mind-boggling enactement of a painting. very intense, dark, restrainly emotional, human, artistic; philosphical but contemplative, as speechless as you will be. bold but successful. well, all this, approximately. watch it.
The famous painting as a multidimensional network of historical events, imagined human relationships and invented 16th century soundscapes: Majewski explores the structures beyond the surface of Bruegel's "Procession to Calvary" and makes us see a work of art from another - also highly artificial - point of view.
The film’s images are so striking and composed each frame could exist as a painting itself. Its conception of narrative is profoundly unique. It’s spatial, like the breadth and depth of the painting itself. Characters who would never meet and events that took place years apart coexist because they’re part of the physical and emotional tableau of the piece. http://www.theperipherymag.com/filmgoing-in-the-internet-age
Not just based on a Breugel painting,every shot is composed like a Dutch or Flemish Renaissance painting! Which is a really great gimmick they musta used computers and stuff, but I am sure I would not want to see this style of cinema over-used.And this film doesn't get 5 stars, cuz it really IS a gimmick, crafty and beautiful.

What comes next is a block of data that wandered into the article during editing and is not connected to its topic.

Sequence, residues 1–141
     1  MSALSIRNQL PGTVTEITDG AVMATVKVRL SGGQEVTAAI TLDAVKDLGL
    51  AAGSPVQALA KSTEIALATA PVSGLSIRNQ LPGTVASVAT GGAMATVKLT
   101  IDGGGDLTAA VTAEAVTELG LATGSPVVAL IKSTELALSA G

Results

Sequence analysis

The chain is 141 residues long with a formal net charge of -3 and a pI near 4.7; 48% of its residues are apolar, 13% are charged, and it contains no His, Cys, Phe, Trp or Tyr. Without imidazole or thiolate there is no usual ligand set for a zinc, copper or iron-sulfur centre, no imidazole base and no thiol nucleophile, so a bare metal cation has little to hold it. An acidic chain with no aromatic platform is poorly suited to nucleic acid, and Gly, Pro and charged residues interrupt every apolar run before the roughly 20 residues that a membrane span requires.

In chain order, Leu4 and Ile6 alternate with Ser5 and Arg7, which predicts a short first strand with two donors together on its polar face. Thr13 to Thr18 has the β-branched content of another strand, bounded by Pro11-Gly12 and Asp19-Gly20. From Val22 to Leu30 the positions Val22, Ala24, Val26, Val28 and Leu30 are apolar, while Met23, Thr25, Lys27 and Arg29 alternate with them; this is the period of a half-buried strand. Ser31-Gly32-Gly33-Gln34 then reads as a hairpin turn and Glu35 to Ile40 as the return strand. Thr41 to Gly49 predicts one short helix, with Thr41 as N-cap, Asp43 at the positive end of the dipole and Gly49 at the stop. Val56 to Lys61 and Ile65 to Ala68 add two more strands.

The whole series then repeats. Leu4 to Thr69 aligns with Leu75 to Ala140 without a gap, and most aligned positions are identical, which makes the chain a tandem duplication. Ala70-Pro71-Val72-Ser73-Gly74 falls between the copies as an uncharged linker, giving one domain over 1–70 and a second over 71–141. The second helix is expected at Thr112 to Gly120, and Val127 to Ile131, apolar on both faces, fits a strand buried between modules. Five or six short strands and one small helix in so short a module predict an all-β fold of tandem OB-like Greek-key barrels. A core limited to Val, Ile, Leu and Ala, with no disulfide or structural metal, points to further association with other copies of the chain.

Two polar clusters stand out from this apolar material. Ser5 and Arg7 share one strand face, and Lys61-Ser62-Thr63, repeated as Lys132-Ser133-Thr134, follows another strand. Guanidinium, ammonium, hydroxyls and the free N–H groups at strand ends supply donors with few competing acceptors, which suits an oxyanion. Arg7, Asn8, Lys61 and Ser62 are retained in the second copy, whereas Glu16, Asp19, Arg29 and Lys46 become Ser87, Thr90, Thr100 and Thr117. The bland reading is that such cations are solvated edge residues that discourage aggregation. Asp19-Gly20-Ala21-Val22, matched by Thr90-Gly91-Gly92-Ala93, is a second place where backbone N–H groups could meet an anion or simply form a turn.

It is thrilling since the very beginning of the film. The merchant, miller, the painter and the dreamworld around them was so vivant. It is really a product of a very creative mind. The director was no less creative than the painter.
The excess of derivation, despite being wholly intentional, is a poor artistic acumen, and is the primary downfall of this film. The endeavour to create/recreate the majesty of Pieter Bruegel's paintings is to a large extent lost, due to the laxity of cheap superimpositions and over-reliance on CGI. Despite this, the film does have moments of sumptuous beauty, but sadly this is ersatz painting and ersatz cinema.
If only all great paintings could have a companion film such as this... Strikingly alive and immersive, all the hi-tech visual F/X have a real purpose here other than to dazzle. Majewski dives into the canvas and Bruegel's inner eye.